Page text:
It defies history, common sense and logic to believe that a group of countries can keep a permanent monopoly on any class of weaponry. It is difficult to convince others of the futility of nuclear weapons when some demonstrate their utility by the very fact of possession and doctrines of usability. If the United States, whose military expenditures will equal those of all other countries in the world combined after the increases recently announced have taken effect, can make a persuasive case to retain nuclear weapons, then such an argument should be even easier for those countries that live in insecure neighborhoods and lack the panoply of conventional military tools.

The rest of this article is only available to active members of Questia

Sign up now for a free, 1-day trial and receive full access to:

  • Questia's entire collection
  • Automatic bibliography creation
  • More helpful research tools like notes, citations, and highlights
  • Ad-free environment

Already a member? Log in now.

Notes for this article

Add a new note
If you are trying to select text to create highlights or citations, remember that you must now click or tap on the first word, and then click or tap on the last word.
One moment ...
Project items

Items saved from this article

This article has been saved
Highlights (0)
Some of your highlights are legacy items.

Highlights saved before July 30, 2012 will not be displayed on their respective source pages.

You can easily re-create the highlights by opening the book page or article, selecting the text, and clicking “Highlight.”

Citations (0)
Some of your citations are legacy items.

Any citation created before July 30, 2012 will labeled as a “Cited page.” New citations will be saved as cited passages, pages or articles.

We also added the ability to view new citations from your projects or the book or article where you created them.

Notes (0)
Bookmarks (0)

You have no saved items from this article

Project items include:
  • Saved book/article
  • Highlights
  • Quotes/citations
  • Notes
  • Bookmarks
Notes
Cite this article

Cited article

Style
Citations are available only to our active members.
Sign up now to cite pages or passages in MLA, APA and Chicago citation styles.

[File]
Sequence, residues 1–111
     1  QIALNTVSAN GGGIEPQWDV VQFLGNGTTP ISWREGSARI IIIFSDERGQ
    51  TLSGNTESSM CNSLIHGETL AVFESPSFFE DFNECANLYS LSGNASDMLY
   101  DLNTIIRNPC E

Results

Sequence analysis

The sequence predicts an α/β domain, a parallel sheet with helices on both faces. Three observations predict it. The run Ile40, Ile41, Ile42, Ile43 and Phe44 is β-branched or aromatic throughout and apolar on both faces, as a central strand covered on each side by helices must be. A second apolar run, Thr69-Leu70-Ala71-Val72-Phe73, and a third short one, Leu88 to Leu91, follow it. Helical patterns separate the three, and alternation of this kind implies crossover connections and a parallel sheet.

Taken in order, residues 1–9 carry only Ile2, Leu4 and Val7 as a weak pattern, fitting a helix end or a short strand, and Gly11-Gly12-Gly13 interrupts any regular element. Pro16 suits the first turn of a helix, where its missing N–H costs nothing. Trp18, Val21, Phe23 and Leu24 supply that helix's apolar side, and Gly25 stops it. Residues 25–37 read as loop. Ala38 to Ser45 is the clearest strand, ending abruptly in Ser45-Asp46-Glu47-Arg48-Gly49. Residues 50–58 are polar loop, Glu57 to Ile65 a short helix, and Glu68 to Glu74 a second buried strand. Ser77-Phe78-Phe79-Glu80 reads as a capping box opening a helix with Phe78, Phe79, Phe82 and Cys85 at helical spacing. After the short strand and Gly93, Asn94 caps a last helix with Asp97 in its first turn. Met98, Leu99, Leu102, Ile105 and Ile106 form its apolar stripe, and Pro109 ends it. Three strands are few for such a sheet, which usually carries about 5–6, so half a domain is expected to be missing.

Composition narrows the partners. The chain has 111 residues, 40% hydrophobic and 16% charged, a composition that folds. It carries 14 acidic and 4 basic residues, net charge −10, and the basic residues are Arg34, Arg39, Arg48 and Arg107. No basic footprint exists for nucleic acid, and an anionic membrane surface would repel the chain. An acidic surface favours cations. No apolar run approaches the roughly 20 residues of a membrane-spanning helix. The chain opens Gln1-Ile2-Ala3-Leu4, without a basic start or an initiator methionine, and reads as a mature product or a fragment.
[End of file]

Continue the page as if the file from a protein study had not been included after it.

(Einhorn, 1992, p. 25)

(Einhorn 25)

1

1. Lois J. Einhorn, Abraham Lincoln, the Orator: Penetrating the Lincoln Legend (Westport, CT: Greenwood Press, 1992), 25, http://www.questia.com/read/27419298.

Cited article

Letter to America
Settings

Settings

Typeface
Text size Smaller Larger
Search within

Search within this article

Look up

Look up a word

  • Dictionary
  • Thesaurus
Please submit a word or phrase above.
Print this page

Print this page

Why can't I print more than one page at a time?

Full screen

matching results for page

Cited passage

Style
Citations are available only to our active members.
Sign up now to cite pages or passages in MLA, APA and Chicago citation styles.

"Portraying himself as an honest, ordinary person helped Lincoln identify with his audiences." (Einhorn, 1992, p. 25).

"Portraying himself as an honest, ordinary person helped Lincoln identify with his audiences." (Einhorn 25)

"Portraying himself as an honest, ordinary person helped Lincoln identify with his audiences."1

1. Lois J. Einhorn, Abraham Lincoln, the Orator: Penetrating the Lincoln Legend (Westport, CT: Greenwood Press, 1992), 25, http://www.questia.com/read/27419298.

Cited passage

Welcome to the new Questia Reader

The Questia Reader has been updated to provide you with an even better online reading experience.  It is now 100% Responsive, which means you can read our books and articles on any sized device you wish.  All of your favorite tools like notes, highlights, and citations are still here, but the way you select text has been updated to be easier to use, especially on touchscreen devices.  Here's how:

1. Click or tap the first word you want to select.
2. Click or tap the last word you want to select.

OK, got it!

Thanks for trying Questia!

Please continue trying out our research tools, but please note, full functionality is available only to our active members.

Your work will be lost once you leave this Web page.

For full access in an ad-free environment, sign up now for a FREE, 1-day trial.

Already a member? Log in now.